If someone saw your content on a different channel, or without your logo attached, would they know that it came from your brand? Without careful planning, you could end up with content produced in a jumbled assortment of tones and voices which may not use language consistently or provide a clear and consistent image of your brand.
More common in larger organizations and often exacerbated by external entities like agencies and freelancers, an inconsistent brand experience can nevertheless be a problem for businesses of all size.
Though some might think a brand that sounds human is more important than one with a consistent tone, a brand voice isn’t necessarily about sounding non-human: it just means creating a voice that is consistent, and positioning your organization as an authoritative and easily recognizable source of information for your area of expertise.
A consistent brand voice and vocabulary are vital for implementing intelligent content strategies and localized content.
One simple way to find your brand voice is create a brand voice chart. Below, we’ve outlined the five steps you need to follow to create and maintain a consistent brand voice.
Identify a representative sample of your content
After gathering all of your content, from web pages and videos to e-books and your social media, cast a critical eye over it and identify those examples that could possibly have come from your competitors, and set them aside. Try to identify examples of content that are unique to your brand, and those that embody what you want your brand voice to be. Print these examples and put them up on a whiteboard, grouping them together with other pieces that have a similar feel.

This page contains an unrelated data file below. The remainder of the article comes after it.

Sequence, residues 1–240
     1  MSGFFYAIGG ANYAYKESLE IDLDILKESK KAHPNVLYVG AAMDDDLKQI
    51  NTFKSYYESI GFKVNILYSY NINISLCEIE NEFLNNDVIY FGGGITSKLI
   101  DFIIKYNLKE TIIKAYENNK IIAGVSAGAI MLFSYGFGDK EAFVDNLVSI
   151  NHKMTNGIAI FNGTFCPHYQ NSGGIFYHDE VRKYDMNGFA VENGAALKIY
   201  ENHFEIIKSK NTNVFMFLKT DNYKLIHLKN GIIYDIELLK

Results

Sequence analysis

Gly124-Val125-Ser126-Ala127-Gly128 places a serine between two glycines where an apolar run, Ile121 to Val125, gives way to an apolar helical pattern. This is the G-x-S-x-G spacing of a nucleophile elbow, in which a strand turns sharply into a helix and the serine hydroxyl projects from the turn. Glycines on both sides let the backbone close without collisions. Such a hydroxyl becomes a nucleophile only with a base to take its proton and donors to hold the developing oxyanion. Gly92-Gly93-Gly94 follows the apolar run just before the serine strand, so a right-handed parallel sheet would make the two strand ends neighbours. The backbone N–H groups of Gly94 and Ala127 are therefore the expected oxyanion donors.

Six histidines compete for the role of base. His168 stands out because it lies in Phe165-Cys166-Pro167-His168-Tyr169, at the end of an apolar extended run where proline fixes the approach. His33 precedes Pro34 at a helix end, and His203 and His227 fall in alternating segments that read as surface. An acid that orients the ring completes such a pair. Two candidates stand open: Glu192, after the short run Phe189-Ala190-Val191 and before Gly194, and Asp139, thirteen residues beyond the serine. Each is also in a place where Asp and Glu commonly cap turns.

Describe your brand voice in three words
Working with your key content creators and brand identity owners, as well as other staff such as PR, customer service and sales teams, and review all of your example content, discussing any common themes and grouping these examples into thematic groups.
Imagine then, if your brand was a person, how you would describe its personality to another person. How do these traits make your brand different? For example, would you describe your brand as:
Define each personality trait further and try to identify how these characteristics show up in your content and topics, and in how you communicate with your audience?
For example, if you described your brand as quirky, is your content unexpected and irreverent? If you described your brand as passionate, is it heartfelt, enthusiastic and expressive?
Create a brand voice chart
Once you have defined your brand voice, you can illustrate the way it shows up in your content with a brand voice chart - an essential reference tool for ensuring consistent tone in all of your content. The chart should include three rows for your primary characteristics, and three columns for a description and do’s and don’ts.
A secondary row of characteristics can be added for extra explanation. For example, if your brand is described as irreverent, does this translate as snarky or “challenging the status quo”.
Make sure your content creators understand how to put your brand voice into action
Once your brand voice is defined and illustrated, make sure your content creators are on board with using it. This includes anyone who creates any public communication or content.
You can help them to understand by going through examples of content that exemplifies your brand voice, or demonstrating how to alter content that doesn’t. An electronic version should be made available to them, as well as, if possible, hard copies to keep in a visible spot for reference.
As the company grows and changes, revisit and revise the brand voice chart
As your brand grows and new competitors come onto the market, it is a good idea to revise your brand chart and make sure it still suits your business. Not a set-it-and-forget-it type of tool, it needs to grow as your brand does.
At regular intervals, gather your key staff to evaluate which voice attributes are working for you and which aren’t. Some, for instance, might be more aspirational - irreverence, for example, is easy in theory, but the writers may be uncomfortable with it, or higher ups may too nervous to approve snarky copy. Make sure all aspects of your brand voice are attainable, and revise them if they are not.